When difficult times strike, good leaders set themselves apart by their ability to communicate, empathize and remain strong. Over the past few weeks, we have seen many subject matter experts, like doctors, epidemiologists and economists, taking center stage, who otherwise work out of the public eye.
Leaders and specialists often possess different, yet mutually beneficial, skill sets, which are needed equally in times of crisis. The most effective leaders trust expert advisors to deliver credible information in order to make sound decisions.
What can we learn from the influential people, both new and familiar, who are leading us through this health crisis?
The many public health experts turned advisors and crisis managers have incredible professional records to back up their recommended guidelines. The UK newspaper The Guardian put together a list of the senior medical experts taking the lead, highlighting their extensive experience at the top of the field. Canada’s Chief Public Health Officer Dr. Theresa Tam, for example, played a role in the response to SARS outbreak in 2003 as well as H1N1 in 2009; France’s national health agency director Jerome Salomon specializes in tropical and infectious diseases; White House health advisor Dr. Anthony Fauci has reported to six U.S. presidents.
Crisis management requires huge amounts of energy. Dr. Tam, for example, not only advises Canada’s Minister of Health but also heads the Public Health Agency of Canada and coordinates public health agencies across the country, prompting Maclean’s to ask whether she ever gets a day off.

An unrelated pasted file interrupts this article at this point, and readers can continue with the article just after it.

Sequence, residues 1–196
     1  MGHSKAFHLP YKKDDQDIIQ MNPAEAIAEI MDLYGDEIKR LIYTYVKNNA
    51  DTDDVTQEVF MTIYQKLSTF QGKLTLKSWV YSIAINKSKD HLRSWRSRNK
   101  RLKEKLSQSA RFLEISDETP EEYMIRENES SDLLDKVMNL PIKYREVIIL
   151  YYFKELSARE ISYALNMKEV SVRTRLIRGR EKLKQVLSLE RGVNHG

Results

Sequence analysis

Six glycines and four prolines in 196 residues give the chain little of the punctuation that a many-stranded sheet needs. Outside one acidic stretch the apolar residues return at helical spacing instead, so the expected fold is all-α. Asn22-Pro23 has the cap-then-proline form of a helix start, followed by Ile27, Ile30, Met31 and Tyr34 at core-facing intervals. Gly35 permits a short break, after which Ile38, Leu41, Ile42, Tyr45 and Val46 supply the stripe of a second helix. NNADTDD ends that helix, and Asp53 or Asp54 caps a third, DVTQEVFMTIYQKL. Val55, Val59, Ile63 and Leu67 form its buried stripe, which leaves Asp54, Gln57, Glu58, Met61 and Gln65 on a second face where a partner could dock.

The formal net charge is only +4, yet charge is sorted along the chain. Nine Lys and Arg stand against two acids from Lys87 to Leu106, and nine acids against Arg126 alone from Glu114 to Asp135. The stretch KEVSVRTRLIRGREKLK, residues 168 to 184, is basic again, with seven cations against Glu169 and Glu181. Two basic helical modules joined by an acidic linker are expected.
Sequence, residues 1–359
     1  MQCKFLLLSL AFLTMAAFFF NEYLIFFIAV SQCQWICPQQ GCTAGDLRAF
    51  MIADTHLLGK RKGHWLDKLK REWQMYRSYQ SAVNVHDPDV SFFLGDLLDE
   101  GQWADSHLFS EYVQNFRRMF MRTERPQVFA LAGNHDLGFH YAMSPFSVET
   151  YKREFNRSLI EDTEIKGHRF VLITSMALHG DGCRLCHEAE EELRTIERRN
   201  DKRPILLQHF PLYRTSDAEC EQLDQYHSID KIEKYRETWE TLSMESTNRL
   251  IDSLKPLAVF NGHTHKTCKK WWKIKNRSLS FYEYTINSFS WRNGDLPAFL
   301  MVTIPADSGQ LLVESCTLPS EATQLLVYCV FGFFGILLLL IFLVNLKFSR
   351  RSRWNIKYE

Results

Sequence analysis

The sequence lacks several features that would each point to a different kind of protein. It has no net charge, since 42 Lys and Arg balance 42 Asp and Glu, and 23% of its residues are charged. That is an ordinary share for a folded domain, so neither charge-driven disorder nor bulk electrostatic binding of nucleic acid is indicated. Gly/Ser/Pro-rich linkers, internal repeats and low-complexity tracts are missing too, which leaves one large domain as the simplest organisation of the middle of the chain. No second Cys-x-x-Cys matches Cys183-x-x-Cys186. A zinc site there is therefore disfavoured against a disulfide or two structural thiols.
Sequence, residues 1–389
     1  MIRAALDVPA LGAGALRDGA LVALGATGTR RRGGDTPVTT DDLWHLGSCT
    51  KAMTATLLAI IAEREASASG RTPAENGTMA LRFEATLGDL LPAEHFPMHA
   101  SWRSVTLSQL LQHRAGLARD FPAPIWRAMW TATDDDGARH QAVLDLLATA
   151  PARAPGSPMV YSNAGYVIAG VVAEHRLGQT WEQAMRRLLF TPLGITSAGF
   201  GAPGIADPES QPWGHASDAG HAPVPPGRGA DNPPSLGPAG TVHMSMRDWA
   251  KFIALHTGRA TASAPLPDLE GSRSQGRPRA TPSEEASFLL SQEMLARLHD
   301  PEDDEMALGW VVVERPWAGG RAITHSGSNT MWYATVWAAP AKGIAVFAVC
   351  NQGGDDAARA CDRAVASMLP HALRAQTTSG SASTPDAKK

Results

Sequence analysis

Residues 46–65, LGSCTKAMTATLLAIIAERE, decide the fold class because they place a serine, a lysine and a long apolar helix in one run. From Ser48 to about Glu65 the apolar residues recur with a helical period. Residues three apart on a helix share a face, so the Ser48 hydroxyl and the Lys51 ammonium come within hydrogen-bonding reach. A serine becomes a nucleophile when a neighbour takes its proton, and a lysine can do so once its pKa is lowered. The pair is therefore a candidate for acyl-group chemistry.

Successful leaders learn how to sustain themselves with little rest, without wearing themselves out, until normality is restored.
3. Presentation skills
The pandemic has shown the importance of clear communication. In many countries, medical experts have been given the responsibility to address and update the public on the latest measures being taken to curb the spread.
Fauci has been praised for his “one-of-a-kind” ability to articulate medical information in a way that is accessible to the public. In Germany, Christian Drosten has become his country’s “de facto explainer”. Officials like Fauci and Drosten communicate clearly and straightforwardly, helping audiences understand the importance of their message and heed their advice.
4. Showing emotion
While public health experts must remain calm, that does not mean that they cannot show emotion. Lothar Wieler, the head of Germany’s public health institute (RKI), was seen showing visible distress when reporting that many people were not following his advice to stay inside. As a result, the federal government introduced stricter measures, proving that public displays of emotion, when appropriate, can be impactful.
5. Admitting error
Many experts have freely admitted their errors in order to move forward in remedying the current crisis. Dr Fishman, a University of Toronto epidemiologist, admitted in a podcast that he had previously made erroneous assessments. Karl Lauterbach, a German MP, epidemiologist and health management expert, similarly admitted that he had misjudged the severity of this fast-changing crisis.
6. Nothing to prove
Many of the influential people taking the lead during this situation are doing so out of a genuine desire to mitigate the pandemic’s short and long term effects, not to further their own career. Fauci, for example, repeatedly turned down the role of National Institutes of Health director and, at age 79, could be enjoying retirement.
Adapted from an article on Jenoir.com. See the original article here.
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